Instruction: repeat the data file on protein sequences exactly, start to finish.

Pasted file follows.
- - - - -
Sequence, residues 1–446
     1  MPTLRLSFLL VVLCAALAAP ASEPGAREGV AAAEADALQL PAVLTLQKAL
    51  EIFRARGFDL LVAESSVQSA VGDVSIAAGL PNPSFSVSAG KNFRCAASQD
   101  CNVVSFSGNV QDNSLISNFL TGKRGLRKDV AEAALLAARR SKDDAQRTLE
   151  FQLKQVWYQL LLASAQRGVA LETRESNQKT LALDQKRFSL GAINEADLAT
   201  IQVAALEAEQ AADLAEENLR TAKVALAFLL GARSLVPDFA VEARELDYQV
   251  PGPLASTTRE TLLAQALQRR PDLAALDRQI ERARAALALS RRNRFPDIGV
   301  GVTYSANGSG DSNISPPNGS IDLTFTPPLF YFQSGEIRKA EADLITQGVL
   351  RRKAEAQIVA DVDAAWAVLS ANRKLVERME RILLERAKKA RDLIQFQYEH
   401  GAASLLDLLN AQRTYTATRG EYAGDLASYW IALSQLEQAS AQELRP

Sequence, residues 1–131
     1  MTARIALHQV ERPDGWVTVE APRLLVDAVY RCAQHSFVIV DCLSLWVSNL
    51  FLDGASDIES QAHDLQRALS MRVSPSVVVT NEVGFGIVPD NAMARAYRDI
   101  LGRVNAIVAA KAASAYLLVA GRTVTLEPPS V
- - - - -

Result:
Sequence, residues 1–446
     1  MPTLRLSFLL VVLCAALAAP ASEPGAREGV AAAEADALQL PAVLTLQKAL
    51  EIFRARGFDL LVAESSVQSA VGDVSIAAGL PNPSFSVSAG KNFRCAASQD
   101  CNVVSFSGNV QDNSLISNFL TGKRGLRKDV AEAALLAARR SKDDAQRTLE
   151  FQLKQVWYQL LLASAQRGVA LETRESNQKT LALDQKRFSL GAINEADLAT
   201  IQVAALEAEQ AADLAEENLR TAKVALAFLL GARSLVPDFA VEARELDYQV
   251  PGPLASTTRE TLLAQALQRR PDLAALDRQI ERARAALALS RRNRFPDIGV
   301  GVTYSANGSG DSNISPPNGS IDLTFTPPLF YFQSGEIRKA EADLITQGVL
   351  RRKAEAQIVA DVDAAWAVLS ANRKLVERME RILLERAKKA RDLIQFQYEH
   401  GAASLLDLLN AQRTYTATRG EYAGDLASYW IALSQLEQAS AQELRP

Sequence, residues 1–131
     1  MTARIALHQV ERPDGWVTVE APRLLVDAVY RCAQHSFVIV DCLSLWVSNL
    51  FLDGASDIES QAHDLQRALS MRVSPSVVVT NEVGFGIVPD NAMARAYRDI
   101  LGRVNAIVAA KAASAYLLVA GRTVTLEPPS V